On a cool August day, on that particular stretch of Market Street (which is more like an alley than a street), just north of James, you might see the young woman with the empty eyes sitting on the stoop, smoking a cigarette. Maybe you will, maybe you won’t – I’ve seen her there many times, staring at the cracks in the sidewalk. The top half of the storm door behind her is missing the glass.
If she’s sitting there and it’s in the afternoon or on a weekend you’ll probably also see her daughter playing with the dust and the pebbles that have been pushed into the gutter, her own private sandbox. She’s tiny and blonde and has dirt smudges on her face. Her clothes are covered in dust. She makes lines with a discarded straw.
If you walk past them and keep going north on Market, you’ll realize there aren’t any houses on that particular stretch, not between James and Frederick streets – there’s only chain link and tall, brick warehouses and a few long lines of storage units that some people use as a garage for their car and other people use as porches, sitting in front of the open doors, the grill on, their kids riding old trikes around in circles.
But some days, if the sun is out and you listen, you’ll hear a rhythmic !thwop! followed by a small shout, a particular time of silence, and then another !thwop!. If you follow that sound down the alley off of Market Street, you’ll see a narrow swathe of grass beside a brick warehouse that’s being renovated into “high-end apartments.” The grassy stretch is bumpy and littered with bricks from the building and old stones no one has touched for years. Overgrown bushes separate that grassy alley from the backyards of the houses on Prince Street. Cats weave in and out of the shadows.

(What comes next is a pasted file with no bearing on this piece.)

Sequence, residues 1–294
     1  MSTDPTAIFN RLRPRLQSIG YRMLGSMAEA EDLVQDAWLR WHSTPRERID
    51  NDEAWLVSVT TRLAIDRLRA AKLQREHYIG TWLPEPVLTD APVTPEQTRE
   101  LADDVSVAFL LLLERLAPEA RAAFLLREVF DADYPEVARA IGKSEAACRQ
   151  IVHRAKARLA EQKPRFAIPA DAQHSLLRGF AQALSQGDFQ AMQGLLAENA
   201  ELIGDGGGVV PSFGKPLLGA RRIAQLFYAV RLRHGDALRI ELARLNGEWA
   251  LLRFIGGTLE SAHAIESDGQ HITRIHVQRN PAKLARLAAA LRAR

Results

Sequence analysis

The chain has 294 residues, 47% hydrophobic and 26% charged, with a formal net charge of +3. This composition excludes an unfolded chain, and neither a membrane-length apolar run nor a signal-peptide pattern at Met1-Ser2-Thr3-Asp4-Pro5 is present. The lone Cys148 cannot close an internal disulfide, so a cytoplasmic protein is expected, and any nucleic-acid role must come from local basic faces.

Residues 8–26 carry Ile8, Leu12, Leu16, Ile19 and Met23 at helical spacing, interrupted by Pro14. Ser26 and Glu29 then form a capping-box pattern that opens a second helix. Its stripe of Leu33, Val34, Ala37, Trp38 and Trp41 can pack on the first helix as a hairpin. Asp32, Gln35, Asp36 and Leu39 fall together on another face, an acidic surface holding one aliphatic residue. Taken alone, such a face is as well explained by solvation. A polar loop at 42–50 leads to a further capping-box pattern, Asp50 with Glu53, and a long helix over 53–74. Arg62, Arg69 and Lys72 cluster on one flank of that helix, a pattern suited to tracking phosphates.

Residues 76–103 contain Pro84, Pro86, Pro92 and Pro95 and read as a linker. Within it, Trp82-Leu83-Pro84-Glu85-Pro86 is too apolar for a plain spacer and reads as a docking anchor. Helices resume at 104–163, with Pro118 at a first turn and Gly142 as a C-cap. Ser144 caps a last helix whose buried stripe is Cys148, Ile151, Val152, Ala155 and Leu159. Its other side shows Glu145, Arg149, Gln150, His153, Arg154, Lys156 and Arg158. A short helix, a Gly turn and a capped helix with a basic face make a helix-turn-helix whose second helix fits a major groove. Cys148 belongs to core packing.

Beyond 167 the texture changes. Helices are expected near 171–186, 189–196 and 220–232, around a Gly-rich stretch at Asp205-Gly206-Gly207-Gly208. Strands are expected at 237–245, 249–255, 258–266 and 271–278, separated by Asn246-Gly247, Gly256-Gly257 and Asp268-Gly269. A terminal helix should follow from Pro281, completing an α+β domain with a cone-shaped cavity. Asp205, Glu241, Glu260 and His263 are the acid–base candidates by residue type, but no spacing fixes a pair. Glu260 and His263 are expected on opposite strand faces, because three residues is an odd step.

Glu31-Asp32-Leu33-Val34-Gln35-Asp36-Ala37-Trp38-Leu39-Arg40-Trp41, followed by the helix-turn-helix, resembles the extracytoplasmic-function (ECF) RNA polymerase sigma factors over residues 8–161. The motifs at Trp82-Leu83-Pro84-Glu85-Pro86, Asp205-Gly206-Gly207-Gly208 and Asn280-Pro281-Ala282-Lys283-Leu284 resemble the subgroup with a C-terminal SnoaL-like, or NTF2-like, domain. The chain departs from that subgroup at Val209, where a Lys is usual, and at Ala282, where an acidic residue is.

There it is again. Look closer. It’s a long-haired boy wearing a baseball cap and cleats that are a touch too small. He’s six years old and he throws the ball to his dad (me). His dad throws the ball back. The red seams spin in the air like the rings of a planet and the ball smacks into the leather gloves. When I reach my own arm back and throw there is muscle memory there that goes back thirty years, goes all the way back to a small boy on a farm throwing ball with his dad in 1985, back to a large, lush, green yard shaded by two tall oak trees. Beyond that yard, fields stretching out. A small brick church across the thread-thin back road. A cemetery with its broken-teeth stones. A bending creek with fairy tales on the far bank.
* * * * *
I never would have imagined, in 1985, that thirty years later I’d be throwing baseball with my son on a too-narrow strip of grass just off an alley in the middle of a small city. I never would have imagined having neighbors like Eric or Paul or Jenny. I never would have imagined living across the street from a barber shop and a tattoo parlor.
But life has its own beautiful rhythm, it’s own poignant meanderings, and we resist our life’s natural course at our own peril. When we cling to our present situations, we do so at the risk of an unimaginably beautiful future.
Let go of comfort. Take a right on Market Street. Stop and talk to the empty-eyed woman. Give a smile and a kind word to the small child playing in the gutter. You might just find an unexpected rhythm, or, even more unlikely, a green strip of grass in the middle of a city perfect for playing catch.